Kabul says the Afghan troops returned fire with small arms.
Afghan Defense Ministry spokesman General Zahir Azimi says the one-hour clash was in the Barmal district of Afghanistan's Paktika Province -- close to the town of Shkin.
The U.S. military has a strategic forward-operations base nearby, on the Afghan side of the border. The area is immediately adjacent to Pakistan's tribal region of South Waziristan.
Pashtun tribal fighters on Pakistan's side of the border there have been fighting Al-Qaeda-linked militants from Chechnya and Uzbekistan in recent weeks, trying to force the foreign militants out of their tribal region.
The Durand Line Issue
Paktika Governor Mohammad Akram Khpalwak told RFE/RL's Radio Free Afghanistan today that the fence being erected by Pakistan represented a seizure of Afghan territory.
"First of all, we cannot accept the line," Khpalwak said. "It is not demarcated and not clear where the border is. So [the Durand Line] is the basic issue. For solving the Durand Line issue, the problems of [ethnic-Pashtun] tribes living on both sides should be considered and they must be consulted. So it is very complicated issue and must be determined by the [ethnic-Pashtun] tribes living on both side of the line."
Islamabad says the fence was being erected on the border to prevent Taliban militants from crossing back and forth between the two countries.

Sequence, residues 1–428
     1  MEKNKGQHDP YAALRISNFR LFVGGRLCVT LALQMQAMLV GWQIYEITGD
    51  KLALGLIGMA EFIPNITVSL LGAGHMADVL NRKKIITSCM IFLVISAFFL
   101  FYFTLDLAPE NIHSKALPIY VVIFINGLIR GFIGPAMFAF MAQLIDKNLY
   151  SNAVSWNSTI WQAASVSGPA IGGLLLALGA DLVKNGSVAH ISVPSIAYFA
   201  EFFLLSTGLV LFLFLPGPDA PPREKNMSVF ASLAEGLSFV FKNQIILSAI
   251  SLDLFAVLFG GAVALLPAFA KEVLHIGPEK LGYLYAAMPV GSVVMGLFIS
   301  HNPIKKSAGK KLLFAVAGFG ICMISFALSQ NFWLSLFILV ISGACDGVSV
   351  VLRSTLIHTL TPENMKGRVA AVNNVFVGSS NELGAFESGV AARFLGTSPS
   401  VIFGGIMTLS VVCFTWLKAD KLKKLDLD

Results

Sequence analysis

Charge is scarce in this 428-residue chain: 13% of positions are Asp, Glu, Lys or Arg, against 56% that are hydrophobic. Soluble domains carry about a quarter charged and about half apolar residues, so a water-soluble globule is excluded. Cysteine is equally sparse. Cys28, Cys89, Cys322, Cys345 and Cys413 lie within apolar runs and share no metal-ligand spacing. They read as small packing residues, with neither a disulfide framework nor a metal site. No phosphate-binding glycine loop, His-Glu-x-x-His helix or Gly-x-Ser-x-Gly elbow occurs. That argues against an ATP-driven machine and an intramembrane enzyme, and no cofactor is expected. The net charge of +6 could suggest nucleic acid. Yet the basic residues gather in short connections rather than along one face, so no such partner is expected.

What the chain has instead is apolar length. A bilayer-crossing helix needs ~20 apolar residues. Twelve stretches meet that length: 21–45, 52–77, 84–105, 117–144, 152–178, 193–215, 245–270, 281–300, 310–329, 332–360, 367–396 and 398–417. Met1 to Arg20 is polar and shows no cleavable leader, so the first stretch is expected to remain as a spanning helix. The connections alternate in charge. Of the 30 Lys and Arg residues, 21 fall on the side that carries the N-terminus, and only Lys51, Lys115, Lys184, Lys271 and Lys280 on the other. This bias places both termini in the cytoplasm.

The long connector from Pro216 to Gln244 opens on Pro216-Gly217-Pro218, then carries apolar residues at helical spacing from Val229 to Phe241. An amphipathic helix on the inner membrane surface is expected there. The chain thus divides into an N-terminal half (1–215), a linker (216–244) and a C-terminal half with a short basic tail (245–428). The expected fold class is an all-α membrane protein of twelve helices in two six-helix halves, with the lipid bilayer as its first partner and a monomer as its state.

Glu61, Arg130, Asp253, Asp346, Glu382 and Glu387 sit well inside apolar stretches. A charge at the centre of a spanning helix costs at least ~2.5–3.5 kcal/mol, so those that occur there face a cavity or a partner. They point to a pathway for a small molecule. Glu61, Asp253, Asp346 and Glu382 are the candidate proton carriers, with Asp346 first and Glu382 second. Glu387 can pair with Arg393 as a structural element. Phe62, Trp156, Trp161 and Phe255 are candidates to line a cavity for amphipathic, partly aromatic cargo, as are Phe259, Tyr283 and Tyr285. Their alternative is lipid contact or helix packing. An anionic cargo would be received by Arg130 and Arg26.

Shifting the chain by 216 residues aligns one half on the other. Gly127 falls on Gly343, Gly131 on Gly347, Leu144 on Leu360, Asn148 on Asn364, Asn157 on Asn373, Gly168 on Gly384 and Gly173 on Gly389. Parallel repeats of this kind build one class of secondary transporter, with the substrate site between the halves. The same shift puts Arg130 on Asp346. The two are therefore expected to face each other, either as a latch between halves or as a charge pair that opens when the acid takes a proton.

Pakistan's Major General Wahid Arshad says the Afghan forces launched on unprovoked attack on Pakistani troops without entering Pakistan's territory.
Pakistani authorities recently announced they would fence 35 kilometers of selected areas along the porous 2,500-kilometer border to stop cross-border movement by militants. That announcement came in the wake of accusations by the Afghan and U.S. governments that Taliban insurgents regularly cross the border to attack Afghan and international forces.
Afghan President Hamid Karzai has argued that a fence would divide Pashtun tribes spread out along both sides of the Durand Line.
The Durand Line was created in 1893 by British officials as a defensive frontier for what was then British colonial India. It also served as a confidence-building measure between the British and tsarist Russian empires in the 19th century.
Pakistan inherited the Durand Line as its border when it became an independent country through the partition of British colonial India in 1947.
Afghanistan has never officially recognized the Durand Line as its border.
(RFE/RL's Radio Free Afghanistan contributed to the report)
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A Pakistani tribesman patrols near Wana in South Waziristan (AFP)
NO MAN'S LAND. Fighting erupted in March involving tribesmen in Pakistan's fiercely independent western regions, where reports suggest locally backed offensives targetted Uzbek and other foreign Taliban sympathizers.